In 14 of the 17 studies, the incidence of EOGBS disease in newborn infants was the primary outcome. Two studies had a primary focus on bacterial resistance35, 39 but included EOGBS disease as a secondary outcome. One study analysed incidences in different age groups and populations.38 EOGBS disease was defined by most studies as the presence of GBS in a blood or cerebrospinal fluid culture and thus included both sepsis and meningitis. Two studies37, 41 investigated incidences of ‘clinical sepsis’, too, but those were not included as cases in our review. Secondary outcomes in the studies included mortality 12, 36, 38, 45, 46 or an audit of adherence to policy 27, 43, 45

Risk of bias within studies

Overall risk of bias was moderate in ten studies; moderate to serious in two; serious in three, critical in one, and impossible to define in one study (Figure S2, Tables S4 and S5).

Risk of bias during selection of participants was moderate in most studies, as problems arising from retrospective selection etc. were mostly controlled for. In one study,44 women were included in the screening group if their screening results were available at least 2 days before delivery. When authors controlled for availability of prenatal care, preterm birth etc. results remained mostly unchanged.40, 44 Risk of confounding and risk of bias at intervention, e.g. bias due to classification of interventions, were moderate in most studies. Bias post-intervention was low or moderate in most studies. All studies with historical controls,12, 13, 26, 27, 34-39, 42, 43, 45 except one using a cross-over design,42 suffered from bias due to healthcare improvement over time: ‘performance bias’. All studies had possible problems due to missing data, resulting from underreported cases. In most studies this bias implied an actual greater effect of interventions.13

Results of studies

Incidence rates of EOGBS disease ranged from 0.0 to 5.0 per 1000 live births, with a weighted average of 0.33/1000. The incidences are depicted in Tables 1 and 2.

Risk ratios were calculated from available data in 15 studies. In two studies26, 27 the data could not be included in the meta-analysis as absolute numbers of cases and populations could not be extracted from the record and its reference list, nor were these provided upon request. Effects of interventions expressed as risk ratios are presented in the forest plots in Figures 1-3.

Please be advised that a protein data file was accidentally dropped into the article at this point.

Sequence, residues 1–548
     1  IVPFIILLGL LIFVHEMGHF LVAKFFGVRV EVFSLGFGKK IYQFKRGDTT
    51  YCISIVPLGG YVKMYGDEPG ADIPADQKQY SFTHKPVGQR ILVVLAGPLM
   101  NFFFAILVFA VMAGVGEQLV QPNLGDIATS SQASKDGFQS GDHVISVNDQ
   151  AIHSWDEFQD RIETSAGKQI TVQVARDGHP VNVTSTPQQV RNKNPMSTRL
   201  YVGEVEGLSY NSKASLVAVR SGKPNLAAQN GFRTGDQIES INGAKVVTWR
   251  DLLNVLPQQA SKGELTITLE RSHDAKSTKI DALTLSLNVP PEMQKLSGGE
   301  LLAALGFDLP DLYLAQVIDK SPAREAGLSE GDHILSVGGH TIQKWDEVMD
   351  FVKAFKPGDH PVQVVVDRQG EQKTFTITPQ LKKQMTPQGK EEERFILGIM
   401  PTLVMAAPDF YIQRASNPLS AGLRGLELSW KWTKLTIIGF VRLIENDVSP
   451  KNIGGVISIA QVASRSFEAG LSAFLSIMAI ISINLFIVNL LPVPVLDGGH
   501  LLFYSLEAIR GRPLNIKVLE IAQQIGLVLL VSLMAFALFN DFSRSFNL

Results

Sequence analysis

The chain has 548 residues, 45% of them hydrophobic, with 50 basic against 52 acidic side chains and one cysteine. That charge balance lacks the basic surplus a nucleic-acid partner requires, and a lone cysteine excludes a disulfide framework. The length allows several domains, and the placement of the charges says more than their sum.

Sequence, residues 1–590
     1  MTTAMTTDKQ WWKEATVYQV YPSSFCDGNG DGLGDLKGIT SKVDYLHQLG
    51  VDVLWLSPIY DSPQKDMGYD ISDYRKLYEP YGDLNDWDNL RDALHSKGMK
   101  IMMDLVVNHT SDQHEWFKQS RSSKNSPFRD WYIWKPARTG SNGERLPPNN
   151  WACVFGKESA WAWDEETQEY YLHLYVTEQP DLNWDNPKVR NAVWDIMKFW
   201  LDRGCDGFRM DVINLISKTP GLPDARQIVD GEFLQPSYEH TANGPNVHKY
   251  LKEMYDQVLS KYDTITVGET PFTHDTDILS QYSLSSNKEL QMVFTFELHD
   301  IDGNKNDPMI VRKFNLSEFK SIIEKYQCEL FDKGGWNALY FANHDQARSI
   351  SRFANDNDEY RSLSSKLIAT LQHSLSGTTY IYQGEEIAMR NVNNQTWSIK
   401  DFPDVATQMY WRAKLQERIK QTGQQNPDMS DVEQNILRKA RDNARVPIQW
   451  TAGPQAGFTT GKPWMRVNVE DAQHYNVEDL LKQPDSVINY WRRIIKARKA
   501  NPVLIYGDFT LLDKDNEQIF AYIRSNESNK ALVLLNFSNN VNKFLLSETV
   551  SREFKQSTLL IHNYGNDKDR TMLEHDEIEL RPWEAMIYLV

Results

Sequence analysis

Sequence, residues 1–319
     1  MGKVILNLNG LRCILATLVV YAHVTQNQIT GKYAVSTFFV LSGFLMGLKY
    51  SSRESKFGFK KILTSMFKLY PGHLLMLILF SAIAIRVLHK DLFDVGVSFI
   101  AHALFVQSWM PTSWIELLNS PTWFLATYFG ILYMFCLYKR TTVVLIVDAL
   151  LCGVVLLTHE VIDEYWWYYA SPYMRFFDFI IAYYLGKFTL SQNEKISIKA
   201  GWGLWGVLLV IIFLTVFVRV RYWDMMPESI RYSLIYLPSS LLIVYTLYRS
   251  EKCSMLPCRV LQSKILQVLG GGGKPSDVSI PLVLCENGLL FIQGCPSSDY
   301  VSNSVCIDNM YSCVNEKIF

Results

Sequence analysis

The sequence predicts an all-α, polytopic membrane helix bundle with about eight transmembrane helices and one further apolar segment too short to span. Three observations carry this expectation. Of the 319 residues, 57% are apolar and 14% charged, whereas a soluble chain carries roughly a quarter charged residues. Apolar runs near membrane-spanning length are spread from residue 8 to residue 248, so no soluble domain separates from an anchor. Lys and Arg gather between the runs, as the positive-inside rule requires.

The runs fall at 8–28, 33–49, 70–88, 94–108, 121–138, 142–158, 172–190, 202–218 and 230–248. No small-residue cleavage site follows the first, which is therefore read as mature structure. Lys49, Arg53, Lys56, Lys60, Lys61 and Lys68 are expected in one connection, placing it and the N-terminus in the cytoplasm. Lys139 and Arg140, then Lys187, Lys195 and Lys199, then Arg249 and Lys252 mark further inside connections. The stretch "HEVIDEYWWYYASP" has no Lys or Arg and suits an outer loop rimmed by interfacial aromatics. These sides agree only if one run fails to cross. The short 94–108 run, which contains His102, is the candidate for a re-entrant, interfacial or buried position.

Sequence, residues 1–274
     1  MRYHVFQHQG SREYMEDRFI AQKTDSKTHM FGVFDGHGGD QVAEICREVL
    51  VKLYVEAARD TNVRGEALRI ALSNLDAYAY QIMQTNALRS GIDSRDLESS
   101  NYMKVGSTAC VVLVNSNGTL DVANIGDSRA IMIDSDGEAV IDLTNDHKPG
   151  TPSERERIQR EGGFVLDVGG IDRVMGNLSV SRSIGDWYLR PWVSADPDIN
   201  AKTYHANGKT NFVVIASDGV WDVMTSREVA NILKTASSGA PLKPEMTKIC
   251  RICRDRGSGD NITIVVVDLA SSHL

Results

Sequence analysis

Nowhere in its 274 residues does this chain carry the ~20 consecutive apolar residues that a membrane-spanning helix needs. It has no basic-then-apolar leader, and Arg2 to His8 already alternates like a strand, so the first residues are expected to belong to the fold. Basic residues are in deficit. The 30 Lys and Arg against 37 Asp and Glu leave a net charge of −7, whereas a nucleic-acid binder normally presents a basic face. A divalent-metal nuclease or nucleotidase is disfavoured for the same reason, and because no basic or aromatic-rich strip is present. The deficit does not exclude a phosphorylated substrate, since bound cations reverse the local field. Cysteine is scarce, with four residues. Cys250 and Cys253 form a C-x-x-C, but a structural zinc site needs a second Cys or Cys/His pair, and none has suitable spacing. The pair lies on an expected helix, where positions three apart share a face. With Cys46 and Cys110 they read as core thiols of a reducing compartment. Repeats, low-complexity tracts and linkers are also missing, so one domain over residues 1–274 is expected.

Details are in the caption following the image
Forest plot of risk ratio (with 95% confidence intervals) of EOGBS disease (defined as positive GBS culture from a normally sterile site <7 days of age) in universal screening policy groups versus risk-based policy groups. CI, confidence interval; M-H, Mantel-Haenszel.
Details are in the caption following the image
Forest plot of risk ratio (with 95% confidence intervals) of EOGBS disease (defined as positive GBS culture from a normally sterile site <7 days of age) in universal screening policy groups versus no policy groups. CI, confidence interval; M-H, Mantel-Haenszel.
Details are in the caption following the image
Forest plot of risk ratio (with 95% confidence intervals) of EOGBS disease (defined as positive GBS culture from a normally sterile site <7 days of age) in risk-based policy groups versus no policy groups. CI, confidence interval; M-H, Mantel-Haenszel.

The prevalence of GBS colonisation in all pregnant women in the various studies ranged between 7 and 29% (weighted mean 23%, Table S7). The pooled number needed to screen (using a pooled baseline incidence in the risk-based group of 0.94/1000 infants) for screening versus risk-based protocols was 1874 (Table S6). The percentage of births during which IAP was administered was reported in four studies. Weighted means were 31 and 29% in the screening and risk-based groups, respectively (Table S7). None of the studies reported GBS resistance to penicillin or ampicillin, whereas resistance to erythromycin and clindamycin was reported by three studies (Table S7).12, 35, 38 Lastly, mothers of infants with EOGBS sepsis did not present any risk factors in times of risk-based protocols in 41.3% of cases (weighted mean, Table S8). False negatives (EOBGS children born to women with negative screening results) were present in 24.2% of cases during periods of screening protocols (weighted mean, Table S8).

Synthesis of results